Meanings of Flowers

Published 02/13/2012 by Sensi Boutique

Meanings of 10 Valentine’s Day Flowers

By Amanda Greene Kelly, Woman’s Day

Whether you’re planning to give—or hoping to receive—flowers this Valentine’s Day, brushing up on the meaning behind the blooms will likely inform your choices or heighten your appreciation of your sweet-smelling gift. Think a rose is just a rose? Read on to find out what 10 popular Valentine’s Day flowers really symbolize.

Roses
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Roses

Not surprisingly, this classic bud is “the most popular choice for Valentine’s Day,” says Kate Law, Product Design Manager at ProFlowers.com. It could be because red roses symbolize love, romance, beauty and perfection. The iconic flower is also known for being pricey—according to Michael Gaffney, Director of the New York School of Flower Design, “flower growers hold back their rose bushes for months in order to have them bloom in time for February 14th—and then they raise the prices, giving roses that sought-after reputation.”

Gerbera Daisies
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Gerbera Daisies

Daisies are known for symbolizing beauty, innocence and purity, says Law. The Gerbera variety, recognizable by their large flowering heads, is available in an assortment of peppy hues, which gives them the additional meaning of cheerfulness. The happy buds are “always a favorite to receive,” she says.

Tulips
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Tulips

“Tulips stand for perfect love,” says Gaffney. The elegant and easily identifiable blooms are one of the most popular flowers in the world but are most often associated with the Netherlands, where they flourished in the 17th century. They convey comfort and warmth, says Law, and are a good Valentine’s Day pick since they’re classic and affordable.

Alstroemeria
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Alstroemeria

Otherwise known as Peruvian lilies, these long-lasting, attention-grabbing petals represent friendship and devotion, says Law. They’re native to South America and feature multiple blooms per stem, which make for voluptuous arrangements. Perhaps best of all, they’re easy to find in most neighborhood supermarkets.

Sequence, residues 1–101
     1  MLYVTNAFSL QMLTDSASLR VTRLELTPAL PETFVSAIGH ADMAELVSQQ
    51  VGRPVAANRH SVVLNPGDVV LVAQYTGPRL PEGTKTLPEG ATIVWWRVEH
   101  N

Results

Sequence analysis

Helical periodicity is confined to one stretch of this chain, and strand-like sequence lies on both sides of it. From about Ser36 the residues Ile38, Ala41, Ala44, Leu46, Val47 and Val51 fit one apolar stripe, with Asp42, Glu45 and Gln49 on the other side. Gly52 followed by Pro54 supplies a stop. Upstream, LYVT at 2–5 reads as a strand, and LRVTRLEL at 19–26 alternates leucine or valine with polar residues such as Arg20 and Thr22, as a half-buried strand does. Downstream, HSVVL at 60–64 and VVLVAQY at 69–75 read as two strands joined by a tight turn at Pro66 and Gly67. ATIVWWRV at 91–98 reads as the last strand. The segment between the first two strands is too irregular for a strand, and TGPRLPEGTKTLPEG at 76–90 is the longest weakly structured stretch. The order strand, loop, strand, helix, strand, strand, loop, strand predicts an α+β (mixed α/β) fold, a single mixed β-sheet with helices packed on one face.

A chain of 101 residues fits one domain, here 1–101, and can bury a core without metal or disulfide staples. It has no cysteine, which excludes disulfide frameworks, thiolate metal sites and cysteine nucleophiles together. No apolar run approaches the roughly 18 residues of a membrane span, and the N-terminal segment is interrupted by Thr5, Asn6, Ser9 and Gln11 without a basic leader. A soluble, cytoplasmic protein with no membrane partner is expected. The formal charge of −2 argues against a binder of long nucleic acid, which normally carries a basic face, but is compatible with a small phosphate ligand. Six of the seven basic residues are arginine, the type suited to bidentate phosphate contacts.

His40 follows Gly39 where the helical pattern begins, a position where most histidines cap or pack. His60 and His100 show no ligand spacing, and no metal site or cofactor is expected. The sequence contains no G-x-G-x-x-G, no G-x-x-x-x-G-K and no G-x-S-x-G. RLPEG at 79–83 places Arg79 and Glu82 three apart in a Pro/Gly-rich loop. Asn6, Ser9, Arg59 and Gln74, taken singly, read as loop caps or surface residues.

Casa Blanca Lilies
Photo credit: iStock

Casa Blanca Lilies

These white Oriental lilies typically stand for “beauty, class and style,” says Gaffney. “A man who creates a bouquet with these dramatic—and expensive––lilies is sophisticated and knows his partner well.” And, notes Law, people love these stunning blooms’ heady fragrance.

Orchids
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Orchids

According to Gaffney, these rare blossoms symbolize love, beauty, luxury and strength. Plus, they send the message of exotic seduction. “If someone gives you orchids, they’re a little wilder than the person who goes for a dozen roses.” Orchids also hold up well over time, says Law, both in bouquets and pots.

Carnations
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Carnations

These ruffled blooms stand for fascination and new love. “For some reason, carnations get a bad rap,” says Gaffney. “But I love them; they’re marvelous flowers.” Even better, these cheerful blooms are hearty and very affordable.

Sunflowers
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Sunflowers

Like the sun they’re named for, these blossoms represent warmth and happiness, says Law. They also stand for loyalty, according to Gaffney. Though the bright yellow blooms scream summertime, these spirit-lifting flowers are available all year round.

Irises
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Irises

In some parts of the world, dark blue or purple irises indicate royalty, according to Law. No matter their color (they’re most commonly seen in blue, white and yellow), they stand for faith and hope, says Gaffney. Mix them up with red tulips or daisies for a “striking combination,” suggests Law.

 

 

 

 

Gardenias
Photo credit: iStock

Gardenias

Loaded with fragrance, these elegant flowers signify purity and joy, and connote deep, old-fashioned love, says Gaffney. “The man who buys these likely has a history with the woman he’s buying them for.” Because they’re pricey and are sold as single blooms, they’ll definitely make a statement on the holiday.

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